the Author: Laura E. Furr is the Senior Associate for Juvenile Justice Reform in NLC’s Institute for Youth, Education, and Families. Follow Laura on Twitter at @Laura_Furr.

The Kids are Alright: The Need for City-Led Juvenile Justice Reform

A new resource is available for city leaders committed to increasing public safety and improving youth outcomes through juvenile justice reform. NLC’s Institute for Youth, Education, and Families (YEF Institute) also recently announced the selection of six cities to receive technical assistance for juvenile justice reform projects.

Infographic: Inside the Juvenile Justice SystemNLC’s new Municipal Action Guide (MAG), Increasing Public Safety and Improving Outcomes for Youth through Juvenile Justice Reform, documents the results of a year-long survey of opportunities and examples for city-led juvenile justice reform. Cities can increase public safety and improve outcomes for youth by implementing strategies that hold them accountable for their actions in more effective, equitable and developmentally appropriate ways. The guide also emphasizes that youth need individualized responses at every point in their involvement with the juvenile justice system.

Progress must include breaking down collaboration barriers among agencies and service providers that touch young people. Strong partnerships with county and state agencies can also enable city leaders to foster community-based alternatives to arrest and prosecution, reduce racial and ethnic disparities at the point of arrest and reconnect youth leaving the system with supportive community resources.

The MAG recommends several early steps in local juvenile justice reform, including:

  • Identify first steps to reforms based on existing activities.
  • Implement training to change the nature of law enforcement interactions with youth.
  • Utilize objective decision-making tools at arrest.
  • Create mechanisms for referring youth to community-based alternatives to arrest and prosecution.
  • Implement a continuum of high-quality community-based services.
  • Open community-based services to youth re-entering the community.Create agreements to support local goals and facilitate information sharing.

The MAG also highlights several local examples, including innovative programs and policies in Tucson, Ariz., Gainesville, Fla., Minneapolis, Minn., and Baltimore, Md.

Six Cities to Receive Technical Assistance
Using this new resource as a foundation, the YEF Institute also launched a new technical assistance initiative. NLC selected these cities to join the initiative:

  • Gresham, Ore.
  • Las Vegas, Nev.
  • Little Rock, Ark.
  • Minneapolis, Minn.
  • New Orleans, La.
  • Philadelphia, Pa.

The technical assistance will include a Mayor’s Institute for Children and Families focused on juvenile justice reform. The YEF Institute has led Mayor’s Institutes to successfully engage multiple mayors as champions and leaders on a wide range of issues. Immediately following the Mayor’s Institute, city teams will draft action plans at a cross-site meeting. YEF Institute staff will support cities to implement these action plans during the ensuing months through site visits and regular cross-city opportunities for learning and collaboration.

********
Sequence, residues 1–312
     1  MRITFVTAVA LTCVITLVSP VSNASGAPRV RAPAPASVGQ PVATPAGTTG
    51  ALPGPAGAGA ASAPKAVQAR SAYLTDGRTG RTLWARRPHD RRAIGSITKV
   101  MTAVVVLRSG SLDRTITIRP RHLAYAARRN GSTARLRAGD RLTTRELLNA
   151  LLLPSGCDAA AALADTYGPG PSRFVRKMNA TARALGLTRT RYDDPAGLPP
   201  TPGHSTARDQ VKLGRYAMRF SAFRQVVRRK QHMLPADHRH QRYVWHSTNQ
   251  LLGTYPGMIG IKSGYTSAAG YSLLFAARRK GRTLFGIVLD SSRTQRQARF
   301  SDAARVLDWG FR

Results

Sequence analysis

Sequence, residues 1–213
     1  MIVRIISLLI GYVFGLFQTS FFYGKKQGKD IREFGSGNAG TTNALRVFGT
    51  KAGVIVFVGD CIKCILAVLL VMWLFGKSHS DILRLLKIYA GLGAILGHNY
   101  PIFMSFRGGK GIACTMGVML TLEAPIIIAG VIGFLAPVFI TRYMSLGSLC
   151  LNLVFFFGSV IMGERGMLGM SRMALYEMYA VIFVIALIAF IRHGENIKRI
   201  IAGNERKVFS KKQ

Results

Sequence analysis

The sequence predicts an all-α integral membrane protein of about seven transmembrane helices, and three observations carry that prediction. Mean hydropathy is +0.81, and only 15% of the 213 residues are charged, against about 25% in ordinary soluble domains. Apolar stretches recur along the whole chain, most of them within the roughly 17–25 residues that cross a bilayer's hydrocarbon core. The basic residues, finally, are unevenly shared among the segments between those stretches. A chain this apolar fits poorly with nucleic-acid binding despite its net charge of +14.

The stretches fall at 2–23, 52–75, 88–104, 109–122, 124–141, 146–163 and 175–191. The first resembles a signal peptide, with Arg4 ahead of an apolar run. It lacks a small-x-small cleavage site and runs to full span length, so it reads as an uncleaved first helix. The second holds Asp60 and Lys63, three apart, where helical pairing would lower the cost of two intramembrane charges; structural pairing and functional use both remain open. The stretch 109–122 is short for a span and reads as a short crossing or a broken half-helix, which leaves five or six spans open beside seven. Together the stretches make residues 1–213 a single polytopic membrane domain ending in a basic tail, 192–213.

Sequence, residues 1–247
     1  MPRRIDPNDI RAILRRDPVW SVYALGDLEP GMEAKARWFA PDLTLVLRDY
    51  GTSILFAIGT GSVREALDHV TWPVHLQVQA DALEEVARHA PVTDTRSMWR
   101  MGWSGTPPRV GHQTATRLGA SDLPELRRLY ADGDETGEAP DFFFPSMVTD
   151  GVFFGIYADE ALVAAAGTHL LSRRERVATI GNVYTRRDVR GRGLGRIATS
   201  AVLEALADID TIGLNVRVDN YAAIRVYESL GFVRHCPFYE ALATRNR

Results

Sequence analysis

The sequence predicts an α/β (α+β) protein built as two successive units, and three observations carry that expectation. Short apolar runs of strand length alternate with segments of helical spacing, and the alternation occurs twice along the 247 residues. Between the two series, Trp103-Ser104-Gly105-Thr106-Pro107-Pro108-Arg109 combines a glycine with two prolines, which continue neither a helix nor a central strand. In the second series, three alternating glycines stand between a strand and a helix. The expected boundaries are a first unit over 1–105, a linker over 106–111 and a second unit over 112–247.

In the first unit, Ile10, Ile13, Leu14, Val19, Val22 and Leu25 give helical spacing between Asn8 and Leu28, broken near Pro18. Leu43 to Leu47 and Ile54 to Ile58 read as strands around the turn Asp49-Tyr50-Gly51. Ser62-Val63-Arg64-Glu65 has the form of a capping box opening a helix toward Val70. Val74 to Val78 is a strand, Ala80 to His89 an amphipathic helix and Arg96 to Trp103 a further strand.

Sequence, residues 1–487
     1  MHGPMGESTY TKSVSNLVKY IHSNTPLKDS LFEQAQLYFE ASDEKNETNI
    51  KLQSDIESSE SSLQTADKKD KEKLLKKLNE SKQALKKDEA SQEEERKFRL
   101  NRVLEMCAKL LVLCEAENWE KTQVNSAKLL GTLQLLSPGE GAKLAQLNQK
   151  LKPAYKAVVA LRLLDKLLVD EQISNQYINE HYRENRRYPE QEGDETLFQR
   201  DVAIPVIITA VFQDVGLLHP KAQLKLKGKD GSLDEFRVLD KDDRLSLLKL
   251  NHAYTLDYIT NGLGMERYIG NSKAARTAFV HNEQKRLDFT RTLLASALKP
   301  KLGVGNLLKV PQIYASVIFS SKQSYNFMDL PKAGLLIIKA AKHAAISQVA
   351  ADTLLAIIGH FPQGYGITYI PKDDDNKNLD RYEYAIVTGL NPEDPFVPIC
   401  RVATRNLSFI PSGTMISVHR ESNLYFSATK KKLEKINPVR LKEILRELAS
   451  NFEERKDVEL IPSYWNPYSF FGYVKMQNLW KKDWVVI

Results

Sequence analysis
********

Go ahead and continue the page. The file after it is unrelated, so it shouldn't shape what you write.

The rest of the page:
City Leaders Recognized As Key Allies in National Juvenile Justice Reform Movement
The John D. and Catherine T. MacArthur Foundation’s Models for Change initiative recognizes that local leaders play a key role in juvenile justice reform, and supports NLC’s work in this area. Models for Change also brings local leaders to its annual conference, which is taking place December 15-16 this year. The conference provides key opportunities for local leaders to engage with juvenile justice experts and better understand how to become involved in local reform efforts.

This year’s conference will welcome several city leaders to Washington, D.C. A workshop featuring Councilmember Ricki Barlow from Las Vegas, Nev. and Gainesville, Fla. Chief of Police Tony Jones will provide concrete examples of local reforms and recommendations to juvenile justice practitioners on engaging local leaders early and consistently in juvenile justice reform.

the Author: Laura Furr, Senior Associate for Juvenile Justice Reform in NLC’s Institute for Youth, Education, and Families. Follow Laura on Twitter at @Laura_Furr. For more information about the Municipal Leadership for Juvenile Justice Reform initiative, email Laura at

The Who, What and Why of Google Fiber

Having your city selected for deployment of Google Fiber has many of the same subsequent effects as the development of a municipally owned network.

Google-Fiber-2Photo credit: UCFFool (Mario at Google Fiber – Kansas City, MO), via Wikimedia Commons

Google has built itself securely into our everyday lives. Between Google mail, Google chat and Google maps, few of us get through the day without relying on one of this gargantuan company’s products or programs. Most people probably default to the company’s website when they are searching for anything on the internet. In fact, the word Google is nearly ubiquitous with the web.

However, tucked into the Google empire’s large portfolio is one of its more discreet and misunderstood programs: Google Fiber. What is it? How does it differ from or compliment a municipal broadband network? Most importantly, why is Google doing this? As part of our Muni Broadband blog series, we will unpack the role of Google Fiber in the broadband game and explore the ways that it supports cities in their efforts to expand internet access.